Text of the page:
Woolsthorpe Manor - where gravity was discovered


Woolsthorpe Manor - where gravity was discovered

Woolsthorpe-by-Colsterworth is a village in a quiet corner of Lincolnshire, near Grantham. It contains Woolsthorpe Manor, the family home of Isaac Newton, who realised the nature of gravity here, when he saw an apple fall from an apple tree in the orchard.

Woolsthorpe Manor was the family home of Sir Isaac Newton, who was born here in 1642. At the time, Woolsthorpe-by-Costerworth was a hamlet of a few houses and Woolsthorpe Manor was a yeoman's farmstead, mostly rearing sheep.

Newton returned here in 1666 when Cambridge University closed because of the plague, and remained for about two years.

At Woolsthorpe, Newton worked on a variety of problems. It was here that he discovered the nature of white light, and that it could be split into its component colors through the use of a prism. Considerable work was also done on his theory of “fluxions,” or what is today called calculus.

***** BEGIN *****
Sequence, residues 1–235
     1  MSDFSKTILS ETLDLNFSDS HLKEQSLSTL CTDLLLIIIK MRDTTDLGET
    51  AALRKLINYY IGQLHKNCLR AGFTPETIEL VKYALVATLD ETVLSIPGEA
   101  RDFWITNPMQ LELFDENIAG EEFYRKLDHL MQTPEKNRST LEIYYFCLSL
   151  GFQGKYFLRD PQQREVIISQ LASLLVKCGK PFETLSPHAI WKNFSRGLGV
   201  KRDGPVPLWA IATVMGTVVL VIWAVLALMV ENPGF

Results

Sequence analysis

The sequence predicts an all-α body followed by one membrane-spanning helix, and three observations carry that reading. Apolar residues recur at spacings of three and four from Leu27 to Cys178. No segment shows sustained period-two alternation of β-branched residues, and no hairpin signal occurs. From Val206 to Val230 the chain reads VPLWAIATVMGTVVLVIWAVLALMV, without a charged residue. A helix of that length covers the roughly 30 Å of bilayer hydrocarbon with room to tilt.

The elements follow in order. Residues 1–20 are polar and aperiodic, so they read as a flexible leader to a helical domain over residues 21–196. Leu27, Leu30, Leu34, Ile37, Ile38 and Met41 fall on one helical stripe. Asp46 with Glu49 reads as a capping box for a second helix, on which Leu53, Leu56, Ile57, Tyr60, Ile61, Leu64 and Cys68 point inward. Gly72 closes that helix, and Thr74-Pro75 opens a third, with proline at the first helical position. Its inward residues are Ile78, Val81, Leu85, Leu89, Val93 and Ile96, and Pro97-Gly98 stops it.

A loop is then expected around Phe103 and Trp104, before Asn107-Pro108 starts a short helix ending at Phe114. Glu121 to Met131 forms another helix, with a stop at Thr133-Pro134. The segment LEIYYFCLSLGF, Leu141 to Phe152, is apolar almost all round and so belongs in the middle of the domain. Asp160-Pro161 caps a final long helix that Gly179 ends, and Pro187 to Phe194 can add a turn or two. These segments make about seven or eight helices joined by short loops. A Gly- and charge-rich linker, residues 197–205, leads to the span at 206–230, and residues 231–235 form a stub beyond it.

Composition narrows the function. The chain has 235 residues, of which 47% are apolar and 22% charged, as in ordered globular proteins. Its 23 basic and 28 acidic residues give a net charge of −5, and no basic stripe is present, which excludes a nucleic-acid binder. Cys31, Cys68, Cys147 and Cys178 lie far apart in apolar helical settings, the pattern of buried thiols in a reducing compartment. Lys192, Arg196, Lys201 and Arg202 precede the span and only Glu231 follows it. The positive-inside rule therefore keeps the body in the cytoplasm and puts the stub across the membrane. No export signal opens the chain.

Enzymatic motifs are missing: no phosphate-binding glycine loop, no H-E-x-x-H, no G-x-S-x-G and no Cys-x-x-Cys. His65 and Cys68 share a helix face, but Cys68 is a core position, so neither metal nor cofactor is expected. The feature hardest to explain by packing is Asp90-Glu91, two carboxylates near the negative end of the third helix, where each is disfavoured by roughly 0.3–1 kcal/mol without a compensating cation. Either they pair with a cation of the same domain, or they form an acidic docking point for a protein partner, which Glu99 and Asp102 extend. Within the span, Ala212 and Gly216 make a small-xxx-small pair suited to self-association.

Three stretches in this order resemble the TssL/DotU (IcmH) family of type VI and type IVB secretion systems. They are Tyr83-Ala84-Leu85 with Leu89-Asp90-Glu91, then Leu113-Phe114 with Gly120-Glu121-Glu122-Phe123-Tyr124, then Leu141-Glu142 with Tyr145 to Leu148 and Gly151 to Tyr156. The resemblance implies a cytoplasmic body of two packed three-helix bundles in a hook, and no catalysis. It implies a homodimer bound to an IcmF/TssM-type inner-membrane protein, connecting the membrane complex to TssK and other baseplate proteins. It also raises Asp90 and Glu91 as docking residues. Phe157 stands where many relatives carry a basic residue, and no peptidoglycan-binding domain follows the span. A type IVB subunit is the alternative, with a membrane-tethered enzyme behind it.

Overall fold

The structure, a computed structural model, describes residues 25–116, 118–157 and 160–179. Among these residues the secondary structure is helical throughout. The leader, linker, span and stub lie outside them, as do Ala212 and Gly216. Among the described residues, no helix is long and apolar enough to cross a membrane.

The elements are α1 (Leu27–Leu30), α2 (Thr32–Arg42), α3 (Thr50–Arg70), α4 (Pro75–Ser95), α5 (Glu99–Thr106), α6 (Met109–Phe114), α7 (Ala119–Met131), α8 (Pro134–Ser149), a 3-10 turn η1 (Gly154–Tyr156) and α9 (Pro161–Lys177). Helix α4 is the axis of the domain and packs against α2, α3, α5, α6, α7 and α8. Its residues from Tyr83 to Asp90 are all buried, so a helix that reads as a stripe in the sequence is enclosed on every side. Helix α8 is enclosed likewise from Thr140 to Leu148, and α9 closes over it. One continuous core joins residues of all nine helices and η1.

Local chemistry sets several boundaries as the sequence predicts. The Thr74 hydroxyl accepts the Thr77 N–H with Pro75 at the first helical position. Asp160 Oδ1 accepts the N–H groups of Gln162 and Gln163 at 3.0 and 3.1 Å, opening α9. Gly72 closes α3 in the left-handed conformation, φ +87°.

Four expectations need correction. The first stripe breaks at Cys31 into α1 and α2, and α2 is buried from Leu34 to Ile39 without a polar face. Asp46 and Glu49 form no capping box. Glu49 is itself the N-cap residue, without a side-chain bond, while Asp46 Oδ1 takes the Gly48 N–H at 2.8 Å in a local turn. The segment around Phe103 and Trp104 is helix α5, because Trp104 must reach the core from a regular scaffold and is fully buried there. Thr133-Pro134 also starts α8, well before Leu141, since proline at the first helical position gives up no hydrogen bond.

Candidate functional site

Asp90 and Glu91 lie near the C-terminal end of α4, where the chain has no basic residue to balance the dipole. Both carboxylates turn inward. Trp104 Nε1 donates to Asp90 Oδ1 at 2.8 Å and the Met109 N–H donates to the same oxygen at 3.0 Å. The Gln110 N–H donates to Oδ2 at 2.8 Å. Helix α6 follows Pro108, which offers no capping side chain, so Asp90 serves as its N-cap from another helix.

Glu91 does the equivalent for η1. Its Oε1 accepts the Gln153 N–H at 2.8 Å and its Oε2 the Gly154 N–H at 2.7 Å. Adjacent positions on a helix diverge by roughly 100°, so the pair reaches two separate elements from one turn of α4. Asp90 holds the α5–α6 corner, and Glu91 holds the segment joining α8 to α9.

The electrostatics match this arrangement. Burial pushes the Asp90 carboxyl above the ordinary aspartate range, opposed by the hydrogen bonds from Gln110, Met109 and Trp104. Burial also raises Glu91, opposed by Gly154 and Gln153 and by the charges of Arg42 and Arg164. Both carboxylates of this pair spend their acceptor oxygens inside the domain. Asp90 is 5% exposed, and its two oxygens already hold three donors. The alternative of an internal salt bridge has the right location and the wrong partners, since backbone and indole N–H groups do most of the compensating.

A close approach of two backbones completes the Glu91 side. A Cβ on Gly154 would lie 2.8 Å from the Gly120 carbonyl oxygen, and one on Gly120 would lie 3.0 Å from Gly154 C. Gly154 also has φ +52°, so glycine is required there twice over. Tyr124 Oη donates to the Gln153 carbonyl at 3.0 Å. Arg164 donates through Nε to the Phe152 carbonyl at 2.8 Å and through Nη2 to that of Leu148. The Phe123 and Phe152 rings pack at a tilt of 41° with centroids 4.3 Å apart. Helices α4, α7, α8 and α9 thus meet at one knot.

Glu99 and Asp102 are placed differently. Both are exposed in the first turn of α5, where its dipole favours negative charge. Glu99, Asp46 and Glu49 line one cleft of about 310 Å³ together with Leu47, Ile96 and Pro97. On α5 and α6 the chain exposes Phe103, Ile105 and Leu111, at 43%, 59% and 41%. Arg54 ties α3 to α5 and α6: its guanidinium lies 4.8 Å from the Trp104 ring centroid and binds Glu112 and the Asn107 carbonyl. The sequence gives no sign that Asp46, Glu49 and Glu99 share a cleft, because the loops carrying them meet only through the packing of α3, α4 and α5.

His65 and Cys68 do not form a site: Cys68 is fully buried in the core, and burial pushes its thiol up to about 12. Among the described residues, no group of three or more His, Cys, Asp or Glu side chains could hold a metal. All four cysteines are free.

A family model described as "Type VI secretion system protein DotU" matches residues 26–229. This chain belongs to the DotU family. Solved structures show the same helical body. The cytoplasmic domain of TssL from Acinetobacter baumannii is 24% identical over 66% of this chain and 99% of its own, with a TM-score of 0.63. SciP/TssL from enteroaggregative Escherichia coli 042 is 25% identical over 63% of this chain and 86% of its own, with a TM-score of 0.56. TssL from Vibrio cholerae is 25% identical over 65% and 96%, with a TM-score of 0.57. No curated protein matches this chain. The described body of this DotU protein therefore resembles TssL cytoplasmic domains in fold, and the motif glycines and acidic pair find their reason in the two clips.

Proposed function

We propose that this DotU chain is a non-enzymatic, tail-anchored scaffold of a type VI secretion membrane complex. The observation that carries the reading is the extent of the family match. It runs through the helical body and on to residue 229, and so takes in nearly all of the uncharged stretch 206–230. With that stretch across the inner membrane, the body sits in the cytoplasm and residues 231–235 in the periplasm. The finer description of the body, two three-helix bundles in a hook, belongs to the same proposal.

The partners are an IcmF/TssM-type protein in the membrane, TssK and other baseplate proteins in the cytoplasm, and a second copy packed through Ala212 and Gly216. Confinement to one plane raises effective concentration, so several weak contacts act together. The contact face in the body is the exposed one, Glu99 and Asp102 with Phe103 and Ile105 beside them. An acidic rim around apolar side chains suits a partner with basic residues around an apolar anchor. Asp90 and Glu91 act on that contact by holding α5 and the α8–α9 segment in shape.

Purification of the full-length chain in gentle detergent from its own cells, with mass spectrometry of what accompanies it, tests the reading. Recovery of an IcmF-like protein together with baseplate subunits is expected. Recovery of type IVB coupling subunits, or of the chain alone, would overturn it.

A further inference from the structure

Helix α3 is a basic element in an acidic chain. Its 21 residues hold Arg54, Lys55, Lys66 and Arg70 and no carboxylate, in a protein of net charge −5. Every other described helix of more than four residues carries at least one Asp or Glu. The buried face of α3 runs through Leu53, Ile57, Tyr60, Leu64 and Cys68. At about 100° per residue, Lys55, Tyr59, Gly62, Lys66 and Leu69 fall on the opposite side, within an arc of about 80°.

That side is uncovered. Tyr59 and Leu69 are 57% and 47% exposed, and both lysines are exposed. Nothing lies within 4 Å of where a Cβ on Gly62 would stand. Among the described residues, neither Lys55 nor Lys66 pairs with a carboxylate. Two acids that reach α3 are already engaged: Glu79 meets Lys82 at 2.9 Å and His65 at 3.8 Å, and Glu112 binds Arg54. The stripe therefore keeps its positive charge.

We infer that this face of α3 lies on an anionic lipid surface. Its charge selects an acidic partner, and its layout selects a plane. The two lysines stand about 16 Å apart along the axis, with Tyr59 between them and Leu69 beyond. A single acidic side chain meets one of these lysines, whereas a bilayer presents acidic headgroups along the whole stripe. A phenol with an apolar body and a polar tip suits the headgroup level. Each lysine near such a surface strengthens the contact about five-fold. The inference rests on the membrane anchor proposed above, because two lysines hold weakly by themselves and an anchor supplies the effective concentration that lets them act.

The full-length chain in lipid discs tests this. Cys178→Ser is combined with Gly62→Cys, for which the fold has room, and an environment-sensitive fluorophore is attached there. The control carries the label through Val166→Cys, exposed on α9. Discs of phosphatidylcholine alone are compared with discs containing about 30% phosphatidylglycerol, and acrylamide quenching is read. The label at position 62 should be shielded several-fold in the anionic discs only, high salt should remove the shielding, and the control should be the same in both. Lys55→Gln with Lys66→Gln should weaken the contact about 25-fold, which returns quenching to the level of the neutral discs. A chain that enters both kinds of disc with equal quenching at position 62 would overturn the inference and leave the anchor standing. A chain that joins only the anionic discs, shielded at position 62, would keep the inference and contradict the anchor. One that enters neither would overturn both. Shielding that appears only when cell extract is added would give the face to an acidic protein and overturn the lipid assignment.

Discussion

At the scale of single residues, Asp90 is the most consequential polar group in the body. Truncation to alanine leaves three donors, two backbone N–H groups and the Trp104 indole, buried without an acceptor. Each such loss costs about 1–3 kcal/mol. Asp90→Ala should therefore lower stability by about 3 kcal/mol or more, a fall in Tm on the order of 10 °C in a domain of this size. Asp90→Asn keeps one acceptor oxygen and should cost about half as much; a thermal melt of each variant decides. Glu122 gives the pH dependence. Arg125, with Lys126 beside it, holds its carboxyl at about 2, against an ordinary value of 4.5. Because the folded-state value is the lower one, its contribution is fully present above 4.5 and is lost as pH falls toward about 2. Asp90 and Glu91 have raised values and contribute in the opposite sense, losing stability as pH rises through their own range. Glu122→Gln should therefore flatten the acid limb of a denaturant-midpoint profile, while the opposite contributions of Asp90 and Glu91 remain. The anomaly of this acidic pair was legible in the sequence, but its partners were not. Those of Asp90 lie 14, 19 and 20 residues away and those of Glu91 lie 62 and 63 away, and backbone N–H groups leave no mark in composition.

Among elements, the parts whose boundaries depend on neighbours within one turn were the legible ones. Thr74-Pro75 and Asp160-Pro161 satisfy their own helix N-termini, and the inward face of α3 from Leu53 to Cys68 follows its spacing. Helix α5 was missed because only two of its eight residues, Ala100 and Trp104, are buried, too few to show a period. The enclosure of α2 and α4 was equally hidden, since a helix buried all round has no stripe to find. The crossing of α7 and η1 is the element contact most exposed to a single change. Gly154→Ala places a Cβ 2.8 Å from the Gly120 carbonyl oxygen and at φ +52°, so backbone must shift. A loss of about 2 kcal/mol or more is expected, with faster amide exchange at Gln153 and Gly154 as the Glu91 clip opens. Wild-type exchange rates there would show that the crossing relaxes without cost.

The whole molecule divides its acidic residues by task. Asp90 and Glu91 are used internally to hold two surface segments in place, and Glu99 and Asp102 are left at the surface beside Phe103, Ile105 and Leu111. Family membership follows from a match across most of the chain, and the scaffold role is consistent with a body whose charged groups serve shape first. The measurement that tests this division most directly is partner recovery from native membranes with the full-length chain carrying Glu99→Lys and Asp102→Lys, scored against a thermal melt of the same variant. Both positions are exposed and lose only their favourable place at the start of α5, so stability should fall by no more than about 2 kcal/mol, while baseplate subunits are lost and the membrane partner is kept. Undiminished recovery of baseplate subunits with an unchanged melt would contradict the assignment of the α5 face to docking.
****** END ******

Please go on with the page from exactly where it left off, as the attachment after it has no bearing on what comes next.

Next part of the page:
Isaac Newton told his contemporary William Stukeley that his work on universal gravitation was inspired by an apple tree in the orchard at Woolsthorpe Manor.

A tree from this era still survives. Dendrochronology confirms one of the trees in the orchard to be over 400 years old, having regrown from roots surviving from a tree which blew down in 1820. It is a ‘Flower of Kent’ apple tree and now has offspring at various sites around the world. Descendants of Newton’s tree live in places such as Trinity College at Cambridge, the University of York, and even Tufts University and Babson College in Massachusetts.

Woolsthorpe Manor is now looked after by the National Trust and is open to the public. Period furniture, including some original shelves built by Newton, help recreate English life in the 1600s. Visitors also have the chance to learn about Newton’s childhood and replicate some of the physicist’s key discoveries.

Some bright spark in local tourism has also come up with the Newton Trail which encourages walkers to explore more of this little-known area - including such delights as Easton Walled Gardens.

Further reading

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